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Ingrid Thijssen, the leading lady of the business organisation VNO:

European industry unable to compete with China and the US

Only a political shift in Brussels and The Hague can halt the decimation of the European industry. Following Germany and France, there's a need for compensation for high energy prices, and governments must cease inventing additional regulations. This is the position of the business organisation VNO. 'No more rules can be added,' says CEO Ingrid Thijssen, who is also the vice-chair of the umbrella organisation BusinessEurope, in an interview with AD.

Ingrid Thijssen has been the chair of the business organization VNO-NCW since September 15, 2020. PHOTO TNO

Thijssen expresses her concerns about the new European Commission taking power after the June elections. She underscores the necessity to not introduce any new regulations or for extra administrative burdens on top of Brussels' plans.

Thijssen points to high energy prices and significant regulatory pressure as reasons for the departure of numerous industrial companies from Europe. Nedcar, a Dutch car factory, closed its doors, while investors are also leaving Germany and steel mills in Wales and Italy are ending their operations. European industrial production is shrinking.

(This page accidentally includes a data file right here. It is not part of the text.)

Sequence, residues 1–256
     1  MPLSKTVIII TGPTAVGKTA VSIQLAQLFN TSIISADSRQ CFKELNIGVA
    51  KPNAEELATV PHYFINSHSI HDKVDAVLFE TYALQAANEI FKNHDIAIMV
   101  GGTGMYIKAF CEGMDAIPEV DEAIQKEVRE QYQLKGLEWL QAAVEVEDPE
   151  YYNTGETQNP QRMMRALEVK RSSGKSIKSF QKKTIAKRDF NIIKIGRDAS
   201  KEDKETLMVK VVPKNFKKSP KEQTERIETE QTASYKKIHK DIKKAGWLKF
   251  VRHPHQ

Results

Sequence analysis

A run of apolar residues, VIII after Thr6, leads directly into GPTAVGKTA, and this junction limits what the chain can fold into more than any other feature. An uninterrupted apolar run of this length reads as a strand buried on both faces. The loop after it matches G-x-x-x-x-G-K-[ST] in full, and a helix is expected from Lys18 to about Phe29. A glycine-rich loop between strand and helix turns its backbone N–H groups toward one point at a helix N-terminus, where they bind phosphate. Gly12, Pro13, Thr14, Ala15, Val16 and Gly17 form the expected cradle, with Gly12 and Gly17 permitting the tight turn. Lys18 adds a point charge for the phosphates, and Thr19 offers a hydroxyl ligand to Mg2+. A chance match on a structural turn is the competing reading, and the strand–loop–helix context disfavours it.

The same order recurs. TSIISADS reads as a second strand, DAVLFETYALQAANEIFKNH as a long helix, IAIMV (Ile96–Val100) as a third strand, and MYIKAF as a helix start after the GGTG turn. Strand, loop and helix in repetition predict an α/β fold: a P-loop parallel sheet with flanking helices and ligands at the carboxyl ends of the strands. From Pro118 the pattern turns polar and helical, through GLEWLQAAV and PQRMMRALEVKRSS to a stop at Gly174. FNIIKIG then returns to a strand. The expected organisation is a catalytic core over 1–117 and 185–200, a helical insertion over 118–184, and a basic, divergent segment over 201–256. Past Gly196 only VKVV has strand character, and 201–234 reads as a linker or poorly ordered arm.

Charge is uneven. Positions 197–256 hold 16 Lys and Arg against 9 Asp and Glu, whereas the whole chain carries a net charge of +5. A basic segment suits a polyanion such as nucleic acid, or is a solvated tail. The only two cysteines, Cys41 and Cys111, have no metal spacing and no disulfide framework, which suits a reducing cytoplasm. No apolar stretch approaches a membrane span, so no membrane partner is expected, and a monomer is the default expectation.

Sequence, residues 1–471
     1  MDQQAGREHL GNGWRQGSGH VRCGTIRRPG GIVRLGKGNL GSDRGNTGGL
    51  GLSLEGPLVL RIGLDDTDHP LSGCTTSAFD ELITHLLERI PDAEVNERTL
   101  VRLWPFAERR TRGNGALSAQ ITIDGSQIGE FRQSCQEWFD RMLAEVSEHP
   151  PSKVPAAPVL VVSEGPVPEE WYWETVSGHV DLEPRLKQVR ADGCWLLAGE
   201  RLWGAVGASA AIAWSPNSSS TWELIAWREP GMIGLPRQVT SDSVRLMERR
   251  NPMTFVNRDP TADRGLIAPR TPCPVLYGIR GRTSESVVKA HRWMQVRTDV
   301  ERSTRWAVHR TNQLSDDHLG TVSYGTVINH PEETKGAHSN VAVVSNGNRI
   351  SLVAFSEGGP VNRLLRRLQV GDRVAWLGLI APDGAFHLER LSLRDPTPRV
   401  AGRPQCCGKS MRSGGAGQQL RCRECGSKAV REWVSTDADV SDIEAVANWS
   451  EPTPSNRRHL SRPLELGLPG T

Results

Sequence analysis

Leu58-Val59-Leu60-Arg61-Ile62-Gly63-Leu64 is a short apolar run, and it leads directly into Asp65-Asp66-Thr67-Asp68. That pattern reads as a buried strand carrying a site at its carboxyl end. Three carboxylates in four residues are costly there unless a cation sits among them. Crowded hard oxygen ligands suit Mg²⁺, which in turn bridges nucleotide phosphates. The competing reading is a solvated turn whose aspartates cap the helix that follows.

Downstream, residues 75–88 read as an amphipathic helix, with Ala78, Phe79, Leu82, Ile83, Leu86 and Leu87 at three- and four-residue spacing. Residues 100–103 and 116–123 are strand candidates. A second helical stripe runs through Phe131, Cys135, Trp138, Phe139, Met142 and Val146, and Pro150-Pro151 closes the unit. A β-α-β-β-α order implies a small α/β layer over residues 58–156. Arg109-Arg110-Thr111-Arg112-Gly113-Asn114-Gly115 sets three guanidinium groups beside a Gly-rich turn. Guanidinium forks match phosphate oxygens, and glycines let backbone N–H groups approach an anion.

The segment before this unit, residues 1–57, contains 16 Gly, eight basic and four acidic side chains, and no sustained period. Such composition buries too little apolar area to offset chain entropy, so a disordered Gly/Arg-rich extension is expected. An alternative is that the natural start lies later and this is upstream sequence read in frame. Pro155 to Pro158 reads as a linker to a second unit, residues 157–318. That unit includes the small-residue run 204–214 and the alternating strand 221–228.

The challenges in the industry are not limited to the Netherlands; Germany also faces difficulties, with German companies like Volkswagen, Mercedes, and BASF opting to build new factories primarily in the US and China.

The high energy prices in Europe, compared to the US and China, are one of the main issues, along with the rising costs due to sustainability requirements. European companies struggle to compete on the global market, while more favourable conditions are offered elsewhere. This has led to an alarming situation for the European industry and the jobs involved, as well as for the future prosperity of Europe.

It's clear that change is needed, but whether Europe will be able to turn the tide will depend on the actions of the new European Commission and a new cabinet. Thijssen and other stakeholders advocate for a simpler system for green subsidies and less regulatory pressure to support and preserve the European industry.

Photo © 350jb |

Source: AD

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